Wissenschaften, Gottingen, Germany:

On the basis of the bequest left to us by the deceased Dr. Paul Wolskehl, of Darmstadt, a prize of
100,000 mk., in words, one hundred thousand marks, is hereby offered to the one who will first
succeed to produce a proof of the great Fermat theorem. Dr. Wolfskehl remarks in his will that
Fermat had maintained that the equation

xq + yq = zq

could not be satisfied by integers whenever q is an odd prime number. This Fermat theorem is to
be proved either generally in the sense of Fermat, or, in supplementing the investigations by
Kummer, published in Crelle's Journal, volume 40, it is to be proved for all values of q for which
it is actually true. For further literature consult Hibert's report on the theory of algebraic number
realms, published in volume 4 of the Jahreshericht der Deutschen Mathernatiker-Vereinigung,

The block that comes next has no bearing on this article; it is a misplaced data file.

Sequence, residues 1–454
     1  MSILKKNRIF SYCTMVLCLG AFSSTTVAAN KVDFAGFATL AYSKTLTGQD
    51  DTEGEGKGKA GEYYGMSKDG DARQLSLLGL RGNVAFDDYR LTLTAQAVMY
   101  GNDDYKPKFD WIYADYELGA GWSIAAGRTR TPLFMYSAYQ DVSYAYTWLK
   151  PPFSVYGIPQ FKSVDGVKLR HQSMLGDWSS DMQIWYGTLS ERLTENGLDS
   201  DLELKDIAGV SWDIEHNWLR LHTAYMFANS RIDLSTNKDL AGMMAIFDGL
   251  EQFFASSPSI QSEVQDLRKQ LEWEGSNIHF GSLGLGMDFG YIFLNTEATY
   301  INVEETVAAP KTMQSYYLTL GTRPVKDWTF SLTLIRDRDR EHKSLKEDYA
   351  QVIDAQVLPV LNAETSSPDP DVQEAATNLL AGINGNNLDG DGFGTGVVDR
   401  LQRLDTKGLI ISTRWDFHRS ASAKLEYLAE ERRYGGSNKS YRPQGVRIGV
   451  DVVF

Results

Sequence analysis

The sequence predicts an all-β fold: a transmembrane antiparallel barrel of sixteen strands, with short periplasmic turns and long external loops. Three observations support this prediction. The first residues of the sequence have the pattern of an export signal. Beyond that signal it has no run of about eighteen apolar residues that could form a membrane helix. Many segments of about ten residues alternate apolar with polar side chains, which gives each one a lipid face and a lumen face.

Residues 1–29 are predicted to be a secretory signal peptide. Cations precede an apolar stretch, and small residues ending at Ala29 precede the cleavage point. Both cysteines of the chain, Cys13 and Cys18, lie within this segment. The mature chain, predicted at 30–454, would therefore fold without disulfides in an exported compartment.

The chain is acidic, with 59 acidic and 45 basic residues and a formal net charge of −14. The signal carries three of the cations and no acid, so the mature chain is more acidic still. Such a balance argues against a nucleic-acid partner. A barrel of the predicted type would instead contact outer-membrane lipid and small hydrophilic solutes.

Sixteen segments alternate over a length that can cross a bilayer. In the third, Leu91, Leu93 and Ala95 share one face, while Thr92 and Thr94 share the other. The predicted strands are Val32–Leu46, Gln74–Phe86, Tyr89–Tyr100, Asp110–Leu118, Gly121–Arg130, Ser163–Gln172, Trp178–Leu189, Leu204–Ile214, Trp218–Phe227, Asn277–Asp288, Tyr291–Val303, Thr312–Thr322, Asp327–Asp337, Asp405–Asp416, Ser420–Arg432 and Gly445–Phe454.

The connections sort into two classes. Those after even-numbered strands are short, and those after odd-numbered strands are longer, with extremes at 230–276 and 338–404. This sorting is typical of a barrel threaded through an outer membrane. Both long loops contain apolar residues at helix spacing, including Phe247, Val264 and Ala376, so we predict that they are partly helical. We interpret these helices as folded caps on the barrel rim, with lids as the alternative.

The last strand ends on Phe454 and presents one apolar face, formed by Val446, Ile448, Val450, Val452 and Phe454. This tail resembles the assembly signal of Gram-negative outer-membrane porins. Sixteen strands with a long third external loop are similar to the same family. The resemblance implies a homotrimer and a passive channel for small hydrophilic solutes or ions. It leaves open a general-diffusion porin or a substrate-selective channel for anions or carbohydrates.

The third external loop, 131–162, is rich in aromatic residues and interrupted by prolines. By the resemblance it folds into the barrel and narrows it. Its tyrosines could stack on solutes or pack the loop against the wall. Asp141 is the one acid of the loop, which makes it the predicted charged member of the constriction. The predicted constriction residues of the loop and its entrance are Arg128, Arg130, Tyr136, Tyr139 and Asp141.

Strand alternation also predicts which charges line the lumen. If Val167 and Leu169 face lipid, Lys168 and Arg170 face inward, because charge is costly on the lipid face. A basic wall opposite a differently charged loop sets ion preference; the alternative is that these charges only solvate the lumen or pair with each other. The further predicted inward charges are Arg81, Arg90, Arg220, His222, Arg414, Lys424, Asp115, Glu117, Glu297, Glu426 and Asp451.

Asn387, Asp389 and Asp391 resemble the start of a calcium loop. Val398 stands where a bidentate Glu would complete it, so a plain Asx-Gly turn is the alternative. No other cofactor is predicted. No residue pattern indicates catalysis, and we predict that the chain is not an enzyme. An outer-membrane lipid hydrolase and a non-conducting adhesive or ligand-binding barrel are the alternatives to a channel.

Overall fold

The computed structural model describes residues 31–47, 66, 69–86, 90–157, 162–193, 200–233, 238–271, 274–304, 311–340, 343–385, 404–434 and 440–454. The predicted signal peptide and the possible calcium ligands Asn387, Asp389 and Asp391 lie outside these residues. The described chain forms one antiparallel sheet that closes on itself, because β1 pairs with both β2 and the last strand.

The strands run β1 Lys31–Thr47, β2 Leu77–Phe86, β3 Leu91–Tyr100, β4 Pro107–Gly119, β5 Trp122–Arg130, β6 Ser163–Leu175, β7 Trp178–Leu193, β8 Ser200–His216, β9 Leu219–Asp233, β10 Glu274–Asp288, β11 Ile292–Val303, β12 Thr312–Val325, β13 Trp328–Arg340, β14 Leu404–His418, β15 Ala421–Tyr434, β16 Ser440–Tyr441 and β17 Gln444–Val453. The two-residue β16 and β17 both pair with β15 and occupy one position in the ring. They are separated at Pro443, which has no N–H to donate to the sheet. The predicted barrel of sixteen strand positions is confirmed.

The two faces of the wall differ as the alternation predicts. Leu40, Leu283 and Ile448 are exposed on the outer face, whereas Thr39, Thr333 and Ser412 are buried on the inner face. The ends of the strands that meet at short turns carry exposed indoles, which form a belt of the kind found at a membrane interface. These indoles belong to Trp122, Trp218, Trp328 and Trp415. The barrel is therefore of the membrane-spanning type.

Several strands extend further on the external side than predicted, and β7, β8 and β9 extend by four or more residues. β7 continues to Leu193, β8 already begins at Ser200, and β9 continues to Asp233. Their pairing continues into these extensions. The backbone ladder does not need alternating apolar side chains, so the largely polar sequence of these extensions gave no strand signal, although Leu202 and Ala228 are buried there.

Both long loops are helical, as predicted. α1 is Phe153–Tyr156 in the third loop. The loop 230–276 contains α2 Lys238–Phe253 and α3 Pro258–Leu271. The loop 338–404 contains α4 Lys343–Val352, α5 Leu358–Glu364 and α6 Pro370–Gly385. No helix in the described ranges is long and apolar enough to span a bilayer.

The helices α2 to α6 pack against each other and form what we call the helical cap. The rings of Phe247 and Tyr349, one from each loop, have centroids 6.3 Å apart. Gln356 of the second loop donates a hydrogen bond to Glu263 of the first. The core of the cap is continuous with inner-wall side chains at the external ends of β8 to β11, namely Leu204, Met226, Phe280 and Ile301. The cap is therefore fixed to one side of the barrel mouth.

and volume 1 of the Encyklopadie der mathematischen Wissenschaften.
The prize is offered under the following more particular conditions.

The Konigliche Gesellschaft der Wissenschaften in Gottingen decides independently on the

question to whom the prize shall be awarded. Manuscripts intended to compete for the prize will
not be received, but, in awarding the prize only such mathematical papers will be considered as
have appeared either in the regular periodicals or have been published in the form of monographs
or books which were for sale in the book-stores. The Gesellschaft leaves it to the option of the
author of such a paper to send to it about five printed copies.

Among the additional stipulations it may be of interest to note that the prize will not be awarded
before at least two years have elapsed since the first publication of the paper which is adjudged
as worthy of the prize. In the meantime the mathematicians of various countries are invited to
express their opinion as regards the correctness of this paper. The secretary of the Gesellschaft